Pope Benedict XVI arrives on visit to Britain

Thursday, September 16, 2010

LONDON - Pope Benedict XVI arrived in Britain Thursday on an historic and highly controversial state visit that is expected to promote church unity while also being punctuated by protest and debate.

The scandal over child sex abuse in the Roman Catholic church and controversial remarks about Britain by a papal adviser have added to the tension surrounding the four-day visit.

Before he touched down in Edinburgh, the capital of Scotland, Thursday, the pope made one of his strongest admissions to date that the Catholic church had erred in its handling of the abuse scandal, Italian news media said.

Speaking to reporters on board the aircraft that took him to Britain, Pope Benedict said the revelations had for him come as “shock, a source of great sadness”.

“It is difficult to understand how such perversion was possible within the priestly ministry,” he said.

The church authority had not been “sufficiently vigilant and decisive in taking the necessary measures”, the pope said about the scandal, which has rocked the church in a number of European countries and the US.

Protest groups and victims in Britain have urged the pope to “make amends” to the sex abuse victims and to go “beyond an apology”.

The 83-year-old German-born pontiff is the first leader of the Roman Catholic church to pay on official - as opposed to pastoral - visit to Britain since Henry VIII broke with Rome in 1534.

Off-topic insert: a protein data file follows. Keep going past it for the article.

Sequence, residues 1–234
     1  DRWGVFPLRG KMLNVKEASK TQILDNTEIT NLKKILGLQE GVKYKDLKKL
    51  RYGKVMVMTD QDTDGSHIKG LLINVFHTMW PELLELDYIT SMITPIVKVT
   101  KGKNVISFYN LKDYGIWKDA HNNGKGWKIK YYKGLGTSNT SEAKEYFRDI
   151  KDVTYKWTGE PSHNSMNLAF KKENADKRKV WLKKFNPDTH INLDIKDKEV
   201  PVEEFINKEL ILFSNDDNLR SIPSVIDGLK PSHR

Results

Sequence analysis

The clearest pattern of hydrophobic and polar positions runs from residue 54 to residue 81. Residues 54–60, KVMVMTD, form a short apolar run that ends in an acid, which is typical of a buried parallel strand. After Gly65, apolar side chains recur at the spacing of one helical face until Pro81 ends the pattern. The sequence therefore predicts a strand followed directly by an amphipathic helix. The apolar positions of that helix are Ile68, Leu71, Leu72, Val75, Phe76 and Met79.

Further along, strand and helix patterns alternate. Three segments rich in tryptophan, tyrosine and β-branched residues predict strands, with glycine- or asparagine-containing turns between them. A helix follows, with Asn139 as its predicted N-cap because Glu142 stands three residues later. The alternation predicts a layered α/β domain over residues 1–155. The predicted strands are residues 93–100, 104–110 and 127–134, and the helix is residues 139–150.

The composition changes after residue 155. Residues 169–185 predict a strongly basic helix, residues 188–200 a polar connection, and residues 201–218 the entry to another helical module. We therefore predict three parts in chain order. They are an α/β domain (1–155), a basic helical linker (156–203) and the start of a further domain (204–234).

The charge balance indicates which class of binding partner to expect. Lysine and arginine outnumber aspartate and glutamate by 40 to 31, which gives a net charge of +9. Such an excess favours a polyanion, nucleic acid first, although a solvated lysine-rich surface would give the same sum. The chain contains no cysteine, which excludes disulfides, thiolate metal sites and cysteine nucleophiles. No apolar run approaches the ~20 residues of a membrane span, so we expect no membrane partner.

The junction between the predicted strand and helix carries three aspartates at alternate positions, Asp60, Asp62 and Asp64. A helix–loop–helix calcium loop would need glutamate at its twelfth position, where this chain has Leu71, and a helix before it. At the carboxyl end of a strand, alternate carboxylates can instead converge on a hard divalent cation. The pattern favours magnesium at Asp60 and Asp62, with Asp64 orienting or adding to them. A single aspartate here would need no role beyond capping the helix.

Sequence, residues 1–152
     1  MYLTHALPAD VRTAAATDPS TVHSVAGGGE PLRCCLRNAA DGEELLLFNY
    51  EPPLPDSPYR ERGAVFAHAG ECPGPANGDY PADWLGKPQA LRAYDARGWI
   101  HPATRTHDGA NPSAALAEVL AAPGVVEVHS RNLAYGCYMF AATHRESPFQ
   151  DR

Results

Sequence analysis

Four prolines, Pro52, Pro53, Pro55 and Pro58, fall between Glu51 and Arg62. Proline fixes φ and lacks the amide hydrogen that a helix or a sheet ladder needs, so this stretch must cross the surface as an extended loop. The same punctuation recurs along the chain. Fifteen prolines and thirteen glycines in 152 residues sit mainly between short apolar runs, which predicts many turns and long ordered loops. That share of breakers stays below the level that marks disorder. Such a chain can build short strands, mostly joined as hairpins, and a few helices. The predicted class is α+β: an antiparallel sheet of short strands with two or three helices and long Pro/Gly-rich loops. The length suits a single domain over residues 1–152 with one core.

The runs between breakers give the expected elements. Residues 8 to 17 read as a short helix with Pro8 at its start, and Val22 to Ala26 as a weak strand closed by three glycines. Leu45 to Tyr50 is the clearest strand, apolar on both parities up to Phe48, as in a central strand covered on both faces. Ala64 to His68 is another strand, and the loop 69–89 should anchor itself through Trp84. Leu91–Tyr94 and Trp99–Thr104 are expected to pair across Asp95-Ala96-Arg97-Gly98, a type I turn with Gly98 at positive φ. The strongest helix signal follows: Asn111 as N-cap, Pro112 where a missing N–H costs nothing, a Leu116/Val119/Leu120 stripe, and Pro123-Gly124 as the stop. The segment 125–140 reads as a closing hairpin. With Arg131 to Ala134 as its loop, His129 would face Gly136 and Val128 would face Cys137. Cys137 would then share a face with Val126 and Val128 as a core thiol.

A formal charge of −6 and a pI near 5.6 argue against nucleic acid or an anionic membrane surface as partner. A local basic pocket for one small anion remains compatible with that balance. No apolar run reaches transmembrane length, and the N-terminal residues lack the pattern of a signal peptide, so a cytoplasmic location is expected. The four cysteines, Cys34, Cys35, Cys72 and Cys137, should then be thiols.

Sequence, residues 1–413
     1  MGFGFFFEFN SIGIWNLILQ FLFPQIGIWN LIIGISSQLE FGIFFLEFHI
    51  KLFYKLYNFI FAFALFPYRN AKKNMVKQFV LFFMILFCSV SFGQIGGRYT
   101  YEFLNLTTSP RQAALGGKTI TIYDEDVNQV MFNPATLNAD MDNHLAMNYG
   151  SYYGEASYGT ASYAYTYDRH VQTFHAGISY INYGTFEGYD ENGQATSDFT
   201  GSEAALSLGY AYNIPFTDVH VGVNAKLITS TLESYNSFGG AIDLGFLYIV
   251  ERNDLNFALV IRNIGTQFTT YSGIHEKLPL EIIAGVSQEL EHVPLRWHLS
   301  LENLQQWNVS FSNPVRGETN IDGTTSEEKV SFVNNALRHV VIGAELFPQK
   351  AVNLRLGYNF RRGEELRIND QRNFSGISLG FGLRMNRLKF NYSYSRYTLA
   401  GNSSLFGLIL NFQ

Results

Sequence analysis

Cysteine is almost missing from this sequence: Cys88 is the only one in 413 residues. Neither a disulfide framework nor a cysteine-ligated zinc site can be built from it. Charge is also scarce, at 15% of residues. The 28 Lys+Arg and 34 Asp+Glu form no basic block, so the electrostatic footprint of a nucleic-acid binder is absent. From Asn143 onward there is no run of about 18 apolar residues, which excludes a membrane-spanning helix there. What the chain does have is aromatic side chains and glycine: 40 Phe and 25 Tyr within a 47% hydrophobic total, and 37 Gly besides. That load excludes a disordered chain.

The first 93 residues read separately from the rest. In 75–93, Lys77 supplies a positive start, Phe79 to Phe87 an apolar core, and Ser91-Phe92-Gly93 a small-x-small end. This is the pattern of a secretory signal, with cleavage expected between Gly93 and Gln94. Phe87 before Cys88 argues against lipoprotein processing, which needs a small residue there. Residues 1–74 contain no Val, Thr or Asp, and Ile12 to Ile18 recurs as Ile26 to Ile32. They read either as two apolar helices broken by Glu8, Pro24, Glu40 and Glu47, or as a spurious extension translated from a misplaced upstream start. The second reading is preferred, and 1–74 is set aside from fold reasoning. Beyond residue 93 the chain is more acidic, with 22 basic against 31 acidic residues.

His predecessor, Pope John Paul II, made a pastoral visit to Britain in 1982.

In Edinburgh, the pope was officially received at Hollyrood House Palace by Queen Elizabeth II, who is both British head of state and the titular head of the worldwide Anglican Church.

Prince Philip, the Duke of Edinburgh, welcomed the pope at Edinburgh airport, along with church leaders and other dignitaries.

On the eve of the visit, one of the pope’s closest advisers, German cardinal Walter Kasper, stirred controversy with remarks in which he compared Britain to a “Third World” country ridden by “an aggressive new atheism”.

The head of the Roman Catholic church in Scotland, Cardinal Keith O’Brien, Thursday called on Kasper to apologize for his remarks, made to a German news magazine.

Late Wednesday, the head of Roman Catholics in England and Wales, Archbishop Vincent Nichols, called the remarks “inexplicable”.

Kasper, who was for many years in charge of interfaith relations at the Vatican, was dropped from the pope’s entourage for the visit, the Vatican confirmed. It listed health reasons as the grounds for the decision.

“Britain today is a secularized, pluralistic country,” the 77-year-old cardinal was quoted as telling Germany’s Focus magazine. “When you land at Heathrow airport, you think at times you have landed in a Third World country.”

Asked whether Christians were discriminated against in Britain, he replied: “Yes. Especially in Britain, an aggressive new atheism has spread. If, for example, you wear a cross on British Airways, you are discriminated against.”

Later Thursday, the pope is due to tour the centre of Edinburgh in his Popemobile, before celebrating mass to an expected crowd of 80,000 at a park in Glasgow, Scotland’s second city.

He is due to visit London Friday and Saturday, before ending his stay Sunday with the beatification in Birmingham of Cardinal John Henry Newman, Britain’s most famous Anglican convert to Catholicism.

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